Brexit's impact on the data centre industry has already been strongly felt, with supply chain issues ongoing, which have received much media coverage in recent months. Outside of the headlines, there has been a growing demand for data sovereignty since 2016.
Britain's withdrawal from the EU continues to develop, and so will its impact on the data centre industry. The uncertainty over Brexit still remains, with ongoing negotiations and the possibility of data regulation looming large. For those that will still be looking to transfer data to and from EU states, proactive steps will have to be taken to ensure these services can be upheld.
The demand for data sovereignty
There can be difficulty establishing a direct correlation between the data centre industry and Brexit. When it comes to data sovereignty, however, the relationship is clear. Although the post-Brexit UK GDPR means the nation is still principally adhering to the EU's GDPR, there has been an apparent increase in demand for sovereign hosting methods in the UK, with Brexit encouraging businesses to research what storing data overseas means in real terms.
When the results from the referendum were announced in 2016, there was a very real prospect of businesses having to relocate all their data that was stored in Dublin or other EU nations. Nobody wanted to be unable to access or transfer their data from EU servers due to potential new regulation, leading to an increase in demand for UK based data centres and colocation services.
While such regulation has yet to be implemented, this appetite has continued to grow. Wider knowledge and understanding of the physical location of data has led to customers being wearier of hosting ambiguity. Businesses now want to know exactly where their data is, and even physically access it in person if possible.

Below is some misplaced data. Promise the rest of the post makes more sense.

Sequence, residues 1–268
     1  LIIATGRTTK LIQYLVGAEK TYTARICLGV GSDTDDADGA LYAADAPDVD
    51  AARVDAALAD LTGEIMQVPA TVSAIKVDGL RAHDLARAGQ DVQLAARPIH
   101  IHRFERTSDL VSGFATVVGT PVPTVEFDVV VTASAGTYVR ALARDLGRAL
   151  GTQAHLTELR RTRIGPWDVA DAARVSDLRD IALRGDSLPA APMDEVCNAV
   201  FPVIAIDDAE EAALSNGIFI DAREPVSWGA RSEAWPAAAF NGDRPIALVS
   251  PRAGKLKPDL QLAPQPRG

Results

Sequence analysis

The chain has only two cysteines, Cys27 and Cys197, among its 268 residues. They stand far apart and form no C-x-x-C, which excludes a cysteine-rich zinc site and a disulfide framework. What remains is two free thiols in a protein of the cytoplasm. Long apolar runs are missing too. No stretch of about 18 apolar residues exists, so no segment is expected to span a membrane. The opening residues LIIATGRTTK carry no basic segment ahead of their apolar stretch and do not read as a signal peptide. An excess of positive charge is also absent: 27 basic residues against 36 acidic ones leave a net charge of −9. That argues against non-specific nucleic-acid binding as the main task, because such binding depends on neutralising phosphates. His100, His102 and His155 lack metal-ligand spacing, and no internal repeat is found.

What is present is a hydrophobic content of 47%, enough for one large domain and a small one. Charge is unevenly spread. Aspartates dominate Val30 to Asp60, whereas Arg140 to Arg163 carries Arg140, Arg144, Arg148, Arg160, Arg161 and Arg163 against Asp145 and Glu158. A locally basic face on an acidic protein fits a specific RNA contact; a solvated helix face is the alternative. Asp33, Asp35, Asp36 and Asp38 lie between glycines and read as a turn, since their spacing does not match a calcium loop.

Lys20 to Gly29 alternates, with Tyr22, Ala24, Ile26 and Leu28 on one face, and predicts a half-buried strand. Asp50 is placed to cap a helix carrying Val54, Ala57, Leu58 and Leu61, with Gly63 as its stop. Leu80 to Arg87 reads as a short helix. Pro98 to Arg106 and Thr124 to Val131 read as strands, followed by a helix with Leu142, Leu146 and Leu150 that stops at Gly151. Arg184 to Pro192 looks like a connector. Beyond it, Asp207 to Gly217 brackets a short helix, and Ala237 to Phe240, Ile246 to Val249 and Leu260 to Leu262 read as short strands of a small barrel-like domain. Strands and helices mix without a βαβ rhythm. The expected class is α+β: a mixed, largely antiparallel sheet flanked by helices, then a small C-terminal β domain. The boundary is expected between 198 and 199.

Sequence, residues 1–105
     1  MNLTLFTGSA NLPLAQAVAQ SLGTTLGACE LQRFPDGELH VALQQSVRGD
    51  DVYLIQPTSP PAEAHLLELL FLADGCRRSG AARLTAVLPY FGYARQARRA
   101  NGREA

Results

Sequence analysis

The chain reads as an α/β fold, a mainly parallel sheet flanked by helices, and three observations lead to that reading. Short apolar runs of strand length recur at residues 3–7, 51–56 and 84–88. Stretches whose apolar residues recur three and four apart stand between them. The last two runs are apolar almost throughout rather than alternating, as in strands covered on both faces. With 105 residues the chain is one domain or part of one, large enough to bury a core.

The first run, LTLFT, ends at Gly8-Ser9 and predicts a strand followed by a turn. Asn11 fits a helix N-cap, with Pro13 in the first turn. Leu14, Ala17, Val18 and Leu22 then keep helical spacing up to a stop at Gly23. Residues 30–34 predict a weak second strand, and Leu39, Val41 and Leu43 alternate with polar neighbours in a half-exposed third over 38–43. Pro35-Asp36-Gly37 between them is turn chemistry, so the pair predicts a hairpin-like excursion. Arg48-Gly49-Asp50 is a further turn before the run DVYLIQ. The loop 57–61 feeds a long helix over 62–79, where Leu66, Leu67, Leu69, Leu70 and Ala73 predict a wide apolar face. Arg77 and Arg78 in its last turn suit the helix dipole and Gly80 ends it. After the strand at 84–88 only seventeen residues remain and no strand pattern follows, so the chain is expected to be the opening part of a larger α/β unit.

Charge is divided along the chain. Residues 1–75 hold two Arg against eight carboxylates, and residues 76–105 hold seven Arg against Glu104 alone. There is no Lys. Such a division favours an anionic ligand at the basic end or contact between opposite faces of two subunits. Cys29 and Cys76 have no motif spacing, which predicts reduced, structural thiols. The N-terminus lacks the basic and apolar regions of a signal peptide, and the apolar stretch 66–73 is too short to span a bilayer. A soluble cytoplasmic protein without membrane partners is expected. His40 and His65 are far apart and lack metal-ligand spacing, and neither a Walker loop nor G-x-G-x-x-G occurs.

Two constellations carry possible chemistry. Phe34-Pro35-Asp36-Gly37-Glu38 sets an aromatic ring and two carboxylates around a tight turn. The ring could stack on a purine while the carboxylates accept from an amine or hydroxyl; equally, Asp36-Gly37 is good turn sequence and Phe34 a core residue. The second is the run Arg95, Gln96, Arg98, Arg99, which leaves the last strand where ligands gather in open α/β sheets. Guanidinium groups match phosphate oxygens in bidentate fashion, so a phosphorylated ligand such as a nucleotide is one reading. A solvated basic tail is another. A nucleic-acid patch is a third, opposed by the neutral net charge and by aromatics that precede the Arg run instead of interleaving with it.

The prospect of new data regulation
Although UK GDPR is currently in place, with data centres being inherently risk averse due to the nature of the service, many providers will be prudently preparing for possible new regulation. In recent times, there has been a growing awareness of global data sharing, which is likely to lead to more legislation on data, an avenue Britain can freely pursue since its departure from the EU.
More importantly, however, both Britain and the EU are free to review and change current data policies, including the European Commission's decision in June 2021 that Britain's data protection was sufficient. John Edwards, the government's new Information Commissioner, has been appointed because of his previous role in re-developing New Zealand's data policy, with the expectation of shaping Britain's data regulation to better align with the government's goal of a “more pro-growth and pro-innovation data regime”. Any actions from Edwards that result in a divergence from the GDPR decision has the potential to severely complicate the process of data transfer from the EU, with it being rendered illegal in certain instances.
For data centre customers that would like to avoid such illegality, there are methods that would allow them to circumvent such an issue, such as Standard Contractual Clauses (SCCs) and Binding Corporate Rules (BCRs). These solutions, however, would need to be pursued by each individual customer, presenting opportunities for those that do and risks for those that do not.
The road ahead
For every responsible data centre provider, the mission of underpinning a business's online presence through server uptime necessitates a prudent approach, which has helped many already adapt to the challenges Brexit has presented. With the fallout of Britain's withdrawal from the EU still unfolding, data centre providers will need to continue adapting for the foreseeable future and beyond.